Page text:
I have been listening to the Radio for sometime now. There are two reasons for this. First someitme back I remembered the Mahatma Gandhi and Swami Vivekananda who said that India lived in the villages. Secondly, I was reading the books of Peter Drucker and especially his commentry on how the world is changing. His analysis has made me look at the demographics of a country when trying to understand the society and its changes. The Radio programs provided a vital clue into the changes affecting rural India and understanding of the real issues. Once i got hooked into the programs and also the ads (this provides a very idea on what the rural people are looking for).

    One of the main ideas being promoted by the Andhra Pradesh government (the radio programs are broken up into national and regional ones and each of the states,mostly linguistic division have different programs) are on AIDS. The ideas are promoted directly through ads and small dialogue stories where the importance of understading the problem etc are shown. Apart from this there are programs concentrated on the villages which try to provide some limelight the issues and other comments and queries which the people have. This is also mainly concentrated by the goverment information.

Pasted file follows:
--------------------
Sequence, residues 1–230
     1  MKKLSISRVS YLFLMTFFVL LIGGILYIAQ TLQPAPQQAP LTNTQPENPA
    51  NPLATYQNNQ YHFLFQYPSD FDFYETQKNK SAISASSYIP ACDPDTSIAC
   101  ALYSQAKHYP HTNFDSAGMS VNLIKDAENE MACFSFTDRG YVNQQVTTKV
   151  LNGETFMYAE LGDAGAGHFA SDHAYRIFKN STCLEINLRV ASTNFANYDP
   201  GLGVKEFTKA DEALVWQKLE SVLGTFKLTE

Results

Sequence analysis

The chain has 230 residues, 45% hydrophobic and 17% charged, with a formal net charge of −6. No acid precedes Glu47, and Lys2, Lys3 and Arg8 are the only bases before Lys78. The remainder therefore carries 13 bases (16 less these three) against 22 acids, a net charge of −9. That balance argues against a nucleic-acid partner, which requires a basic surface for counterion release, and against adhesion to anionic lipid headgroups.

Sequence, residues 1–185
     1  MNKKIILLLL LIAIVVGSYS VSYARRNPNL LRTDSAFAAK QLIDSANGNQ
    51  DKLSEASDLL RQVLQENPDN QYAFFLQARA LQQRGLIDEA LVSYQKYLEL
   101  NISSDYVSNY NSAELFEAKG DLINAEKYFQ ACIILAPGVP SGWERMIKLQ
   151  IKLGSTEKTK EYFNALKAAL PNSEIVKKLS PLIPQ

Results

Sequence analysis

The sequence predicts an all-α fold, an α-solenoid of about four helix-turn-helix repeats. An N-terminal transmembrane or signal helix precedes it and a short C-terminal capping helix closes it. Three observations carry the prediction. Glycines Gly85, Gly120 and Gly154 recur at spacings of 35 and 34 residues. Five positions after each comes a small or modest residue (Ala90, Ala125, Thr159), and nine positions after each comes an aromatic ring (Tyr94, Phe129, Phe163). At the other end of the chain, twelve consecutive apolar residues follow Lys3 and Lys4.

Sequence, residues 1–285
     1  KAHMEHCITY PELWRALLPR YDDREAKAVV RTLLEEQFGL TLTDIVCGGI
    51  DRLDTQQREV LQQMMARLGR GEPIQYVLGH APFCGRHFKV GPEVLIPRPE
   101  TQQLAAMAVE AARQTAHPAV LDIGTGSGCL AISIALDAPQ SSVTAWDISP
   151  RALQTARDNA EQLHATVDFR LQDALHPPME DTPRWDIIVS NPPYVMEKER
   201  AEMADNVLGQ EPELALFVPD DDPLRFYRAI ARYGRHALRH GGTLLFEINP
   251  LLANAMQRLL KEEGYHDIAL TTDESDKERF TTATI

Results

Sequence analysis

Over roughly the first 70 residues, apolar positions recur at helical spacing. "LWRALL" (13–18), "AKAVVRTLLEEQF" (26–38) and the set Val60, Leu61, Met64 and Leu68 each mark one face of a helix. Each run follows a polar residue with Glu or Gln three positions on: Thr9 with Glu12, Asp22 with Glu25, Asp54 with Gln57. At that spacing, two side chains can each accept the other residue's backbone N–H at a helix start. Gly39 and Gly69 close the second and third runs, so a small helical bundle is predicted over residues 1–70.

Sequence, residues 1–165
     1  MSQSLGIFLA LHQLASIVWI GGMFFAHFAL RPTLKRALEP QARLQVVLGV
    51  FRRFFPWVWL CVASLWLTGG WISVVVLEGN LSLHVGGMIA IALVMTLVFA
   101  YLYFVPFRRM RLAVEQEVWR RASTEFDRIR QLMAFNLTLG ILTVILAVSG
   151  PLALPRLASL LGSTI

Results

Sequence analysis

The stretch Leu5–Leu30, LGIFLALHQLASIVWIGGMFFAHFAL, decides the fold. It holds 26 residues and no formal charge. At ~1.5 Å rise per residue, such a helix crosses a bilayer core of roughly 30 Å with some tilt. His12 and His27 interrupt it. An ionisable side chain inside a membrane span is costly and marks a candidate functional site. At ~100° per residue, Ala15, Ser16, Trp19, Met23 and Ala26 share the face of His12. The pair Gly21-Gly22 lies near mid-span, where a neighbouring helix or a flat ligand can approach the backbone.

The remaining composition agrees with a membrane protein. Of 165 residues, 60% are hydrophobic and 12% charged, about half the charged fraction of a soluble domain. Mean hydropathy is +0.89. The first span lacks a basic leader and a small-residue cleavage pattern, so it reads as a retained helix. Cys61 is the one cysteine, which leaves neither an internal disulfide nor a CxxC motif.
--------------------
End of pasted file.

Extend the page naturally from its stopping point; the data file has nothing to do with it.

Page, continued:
But, one thing is sure that radio is a powerful way to reach a mass audience and can definately as provided in the article in the nation is a "highly effective" one.

    I will talk about the Radio programs in the US and gulf.


    Saw this information on WiKi from VeerChand Bothra's Blog. This a very interesting concept and looks like the best way to have a page in which anybody can edit the informatioin. He provides a link to the article's founder, Lars Aronsson summarizes the experience from the first nine months of operation of Sweden's biggest Wiki website. From the article

    A Wiki website is a hypertext on steroids. Any user can create or edit any page on the site using a simple web browser, and all information processing is done on the server side. Wiki sites are powerful tools for collaboration in closed work groups, but can also be used for the general public on the open Internet.

    The article provides a very good introduction and history to the WiKi movement.

    Sunday, February 09, 2003

    A Week in BlogWorld

    It's been just over a week since I have strarted writing my Blog. I read a lot of stuff everyday through the Net, Papers and magazines. I have always wanted a way to manage the stuff the read, go back to them whenever I can and also able to let others see that. A web page was a good alternative - and I have even tried making one- but that was not easy for me. And then I got a chance to look at blogging. This was made for me. it contained everything which I wanted and thanks to sites like Blogger and BlogSpot i am able to Blog for free.